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"Pieces of the Island"-An English Translation
Category Archives: Giseira Paseira Espinosa
January 23, 2012Posted by on
The repressive tactics of the Cuban dictatorship include forcefully impeding peaceful activities from taking place, even when they are to be held in the homes of dissidents. On Wednesday, January 18th, numerous arrests occurred throughout the island with the intent of preventing vigils and reunions. Here are three of the testimonies:
Every Wednesday activist and Lady in White Caridad Caballero Bastista unites dissidents from nearby areas in her home in the city of Holguin to pray and inform each other of the most recent happenings in Cuba. The Cuban Political Police, although aware that these are completely peaceful meetings, tend to use violence against them or extreme vigilance. This Wednesday, January 18th, they utilized both repressive tactics.
It was 5 am when two dissidents- Juan Sacaría Verdecía Torres and Edilberto Sartorio- were violently detained by the political police while traveling to Batista’s home, who also added that “Later on, around 8:30 am Juan Carlos Mendoza was detained” when he was on his way to her house to make presence at the vigil.
“They didn’t let me leave my house,” explained Mendoza, “and I told them that my house was not a jail cell. And I started shouting ‘Down with the Castro’ and ‘Down with Communism’, when out of nowhere three policemen detained me.” During the minutes that followed, Batista’s home, as well as that of other dissidents, was surrounded by uniformed regime officials.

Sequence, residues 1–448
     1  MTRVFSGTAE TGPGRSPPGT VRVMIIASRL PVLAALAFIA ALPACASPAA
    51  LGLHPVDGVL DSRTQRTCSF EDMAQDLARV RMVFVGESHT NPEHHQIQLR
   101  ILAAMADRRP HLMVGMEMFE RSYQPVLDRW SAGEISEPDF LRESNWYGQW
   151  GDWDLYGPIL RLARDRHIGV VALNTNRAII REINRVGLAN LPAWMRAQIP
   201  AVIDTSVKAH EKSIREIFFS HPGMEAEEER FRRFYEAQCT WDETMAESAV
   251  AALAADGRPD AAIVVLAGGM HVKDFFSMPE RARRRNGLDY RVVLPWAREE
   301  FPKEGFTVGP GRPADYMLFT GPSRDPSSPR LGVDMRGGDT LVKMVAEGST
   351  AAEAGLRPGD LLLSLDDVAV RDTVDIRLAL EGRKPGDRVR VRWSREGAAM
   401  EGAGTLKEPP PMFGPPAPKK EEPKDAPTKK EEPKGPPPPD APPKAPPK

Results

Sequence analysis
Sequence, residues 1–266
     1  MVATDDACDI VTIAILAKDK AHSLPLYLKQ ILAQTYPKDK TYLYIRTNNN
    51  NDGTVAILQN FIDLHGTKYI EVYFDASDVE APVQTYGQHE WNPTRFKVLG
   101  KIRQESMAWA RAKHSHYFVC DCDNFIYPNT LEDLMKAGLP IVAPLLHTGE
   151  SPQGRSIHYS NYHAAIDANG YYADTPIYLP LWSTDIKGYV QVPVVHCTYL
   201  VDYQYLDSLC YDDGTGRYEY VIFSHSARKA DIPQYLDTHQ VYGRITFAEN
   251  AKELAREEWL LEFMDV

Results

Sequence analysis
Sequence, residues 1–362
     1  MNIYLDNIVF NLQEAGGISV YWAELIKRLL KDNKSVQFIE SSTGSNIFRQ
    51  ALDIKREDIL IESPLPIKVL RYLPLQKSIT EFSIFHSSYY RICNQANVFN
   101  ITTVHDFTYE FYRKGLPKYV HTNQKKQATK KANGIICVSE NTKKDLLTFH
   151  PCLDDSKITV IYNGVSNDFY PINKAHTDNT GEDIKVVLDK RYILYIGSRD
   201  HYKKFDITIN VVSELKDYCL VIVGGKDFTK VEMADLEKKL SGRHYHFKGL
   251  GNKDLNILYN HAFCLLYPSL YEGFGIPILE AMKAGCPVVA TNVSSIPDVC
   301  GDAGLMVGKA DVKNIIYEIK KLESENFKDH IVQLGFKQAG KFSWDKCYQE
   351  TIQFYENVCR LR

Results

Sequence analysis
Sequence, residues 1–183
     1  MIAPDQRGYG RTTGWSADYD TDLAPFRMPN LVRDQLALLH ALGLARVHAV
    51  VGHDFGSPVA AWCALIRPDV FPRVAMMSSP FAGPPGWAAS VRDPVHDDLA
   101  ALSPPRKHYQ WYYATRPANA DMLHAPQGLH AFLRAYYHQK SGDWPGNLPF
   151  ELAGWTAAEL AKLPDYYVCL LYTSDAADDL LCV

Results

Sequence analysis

At 4pm, Caridad Caballero, Franklin Peregrino del Toro, Isabel Peña Torres and Juan Carlos Mendoza’s wife were walking towards the police unit where it was suspected that the three activists were being held, when they were forcibly stopped by a mob organized by the dictatorship.
“We were at the San Jose Park when they attacked us,” narrates Caballero, describing the group as a “mob of female members of the Ministry of the Interior and State Security“. From there, the activists were pushed inside the police cars.
Caballero Batista explains that the agents applied “a martial arts immobilization headlock on me all the way to the Instructional Unit of Pedernales” where the harassment continued. “They were two very tall policemen that applied the headlock on me, and they both twisted my hands…I felt incredible pain, I thought they were breaking my hands.”
The Lady in White explains that in addition to the beating, a group of guards wanted to undress her. “I told them that the only way they could take off my close was ripping it because I wasn’t going to let them…I held on to my clothes and they were not able to take it off from me.”